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HIST 11A and 12A: The Imperial West (MacGiollabhui): Scholarly Articles

A Scholarly Article:

1. Is written by a scholar in the field;

2.Has been through a scholarly referee process to be evaluated by experts in the field;

3. Is aimed at a specialized audience and uses the jargon of the discipline;

4. Includes documentation in the form of notes, footnotes, and bibliography;

5.Is usually pretty long (a two-page article is not likely to be a scholarly one)

What is a scholarly journal?

Scholarly Articles

To find scholarly articles on your topic (secondary sources), try the following databases:

Historical Abstracts
Provides access to articles on the history of the world from 1450 to the present (except the United States and Canada covered in America: History and Life).

America: History and Life
Provides access to articles on the history of the United States and Canada.


Humanities Full-Text
Indexes and abstracts English-language articles in the most important journals in the humanities from 1984-present.  Full-text available for many articles from 1995 forward.


Humanities and Social Sciences Index Retrospective
Indexes nearly 1200 scholarly journals covering the entire range of the humanities and social sciences from 1907-1984.

Project Muse
Searchable database that provides access to the full-text of journals published by many university presses in the humanities, and social sciences.   Coverage varies for each title.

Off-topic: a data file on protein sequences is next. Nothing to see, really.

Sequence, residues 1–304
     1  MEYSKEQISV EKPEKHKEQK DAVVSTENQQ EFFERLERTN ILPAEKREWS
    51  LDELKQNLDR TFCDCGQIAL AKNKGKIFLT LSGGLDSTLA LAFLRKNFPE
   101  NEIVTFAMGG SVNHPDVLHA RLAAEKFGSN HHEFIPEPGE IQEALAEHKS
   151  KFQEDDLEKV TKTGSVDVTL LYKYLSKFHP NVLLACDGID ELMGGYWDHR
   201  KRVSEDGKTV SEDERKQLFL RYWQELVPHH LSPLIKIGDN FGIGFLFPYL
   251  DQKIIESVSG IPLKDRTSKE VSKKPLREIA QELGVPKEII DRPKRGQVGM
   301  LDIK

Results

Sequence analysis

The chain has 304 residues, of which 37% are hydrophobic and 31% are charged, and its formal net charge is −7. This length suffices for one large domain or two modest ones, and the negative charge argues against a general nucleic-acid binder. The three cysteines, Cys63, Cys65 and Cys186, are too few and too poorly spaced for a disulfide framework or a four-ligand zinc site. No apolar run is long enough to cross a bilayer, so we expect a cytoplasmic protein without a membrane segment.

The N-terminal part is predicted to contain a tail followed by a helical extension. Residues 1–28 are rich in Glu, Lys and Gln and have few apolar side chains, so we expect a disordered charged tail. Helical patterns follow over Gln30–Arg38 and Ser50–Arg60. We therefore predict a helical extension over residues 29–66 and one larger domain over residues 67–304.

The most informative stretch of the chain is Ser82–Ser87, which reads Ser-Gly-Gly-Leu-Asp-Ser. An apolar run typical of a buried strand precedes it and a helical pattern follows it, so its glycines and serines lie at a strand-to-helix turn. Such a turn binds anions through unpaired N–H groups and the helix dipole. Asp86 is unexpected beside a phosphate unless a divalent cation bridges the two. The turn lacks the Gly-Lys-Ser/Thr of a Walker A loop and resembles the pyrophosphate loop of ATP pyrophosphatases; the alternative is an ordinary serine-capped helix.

JSTOR
Provides full-text online access to back issues of selected scholarly journals in history, political science,  and other fields of the humanities and social sciences.  Be aware that the current issues (current 2 or 3 years) are not included.

L'Annee Philologique
​Indexes journals, books, and dissertations on all aspects of Greco-Roman antiquity (2000 B.C. - 800 A.D.)
 

How to Search the Databases:

Just enter keywords describing your topic.  Use the connector AND between your keywords or enter keywords in different search boxes.    For example if you are interested in gender issues in British India, you could do a search like this:

You can use synonyms or related terms to describe your topics.  For example, "gender or women" in the search above.

You can also use an asterisk at the end of a word to retrieve various endings.  For example, colonial* would retrieve colonialism as well as colonial. 

When you look at your list of results in the database, If the full-text of an article is not readily available i, click on the FIND IT AT SCU icon to see if it's available in another database or in print in the library.